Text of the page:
As it stands, the 2016 presidential campaign has been loud, and ugly. What started with over 23 candidates and some of the most caucus participation in history, is ending in email scandals and comparisons of hand size. Two candidates remain, each one appealing to voters as being less toxic than the other.

But has it all been sound and fury, signifying nothing?

The primary elections are already flawed systems, where the popular votes have no direct effect on the outcome. Each party has a convention, where delegates chosen at the primaries and caucuses meet and cast the final vote to choose the final nominees—and that doesn’t even consider superdelegates or contested conventions, mechanisms where parties can override the popular vote altogether.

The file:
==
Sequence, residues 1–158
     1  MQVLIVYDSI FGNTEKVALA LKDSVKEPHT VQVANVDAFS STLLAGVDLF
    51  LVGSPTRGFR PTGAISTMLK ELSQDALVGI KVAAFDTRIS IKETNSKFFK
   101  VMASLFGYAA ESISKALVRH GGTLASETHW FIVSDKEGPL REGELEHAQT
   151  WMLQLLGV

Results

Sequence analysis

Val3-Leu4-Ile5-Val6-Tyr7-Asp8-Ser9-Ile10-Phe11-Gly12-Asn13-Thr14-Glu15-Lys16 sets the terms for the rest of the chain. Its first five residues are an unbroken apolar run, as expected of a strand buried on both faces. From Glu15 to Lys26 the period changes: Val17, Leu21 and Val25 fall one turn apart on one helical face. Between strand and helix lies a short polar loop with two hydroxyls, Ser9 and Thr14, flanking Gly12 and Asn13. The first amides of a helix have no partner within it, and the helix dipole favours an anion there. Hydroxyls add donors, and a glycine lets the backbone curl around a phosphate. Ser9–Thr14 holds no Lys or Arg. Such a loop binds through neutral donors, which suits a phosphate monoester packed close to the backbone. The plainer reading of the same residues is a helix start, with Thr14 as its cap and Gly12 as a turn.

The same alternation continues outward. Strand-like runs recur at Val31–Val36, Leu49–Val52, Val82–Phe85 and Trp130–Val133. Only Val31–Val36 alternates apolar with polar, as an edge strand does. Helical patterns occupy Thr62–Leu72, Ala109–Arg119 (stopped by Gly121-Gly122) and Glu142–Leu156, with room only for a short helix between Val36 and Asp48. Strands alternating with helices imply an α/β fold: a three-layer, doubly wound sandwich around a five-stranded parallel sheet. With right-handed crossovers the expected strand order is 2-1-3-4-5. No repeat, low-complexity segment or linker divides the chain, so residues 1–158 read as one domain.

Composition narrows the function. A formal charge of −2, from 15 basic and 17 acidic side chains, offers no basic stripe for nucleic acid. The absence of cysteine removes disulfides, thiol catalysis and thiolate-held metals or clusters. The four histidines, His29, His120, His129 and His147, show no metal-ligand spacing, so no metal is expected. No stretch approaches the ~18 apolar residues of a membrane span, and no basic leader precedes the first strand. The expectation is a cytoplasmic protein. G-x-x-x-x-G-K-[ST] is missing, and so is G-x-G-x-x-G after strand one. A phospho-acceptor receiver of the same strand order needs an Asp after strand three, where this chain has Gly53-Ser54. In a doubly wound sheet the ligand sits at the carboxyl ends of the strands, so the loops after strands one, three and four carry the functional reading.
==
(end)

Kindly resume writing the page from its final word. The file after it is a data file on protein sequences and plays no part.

So, what about votes in the general election, where we choose from the party nominees?

The Electoral College is set up so that the electors are private parties, and while they usually vote along the lines of the party that chose them, they have no obligation to do so. Electors who vote opposite of the party that selected them are known as faithless electors.

The most surprising and little known thing in regards to electors is that the ability of the public (or more practically, political parties formed from groups of the public) to vote on electors is a tradition, and not a rule.

The original right to choose electors belonged to the state government, and still technically resides there. It wouldn’t make sense in a logical world for the person receiving the most popular votes to not receive the delegate votes that decide candidacy or seat of office, but it has been known to happen multiple times in history.

The most recent case was in 2000, when George W. Bush was declared the winner over Al Gore, even though he had approximately 540,000 less popular votes.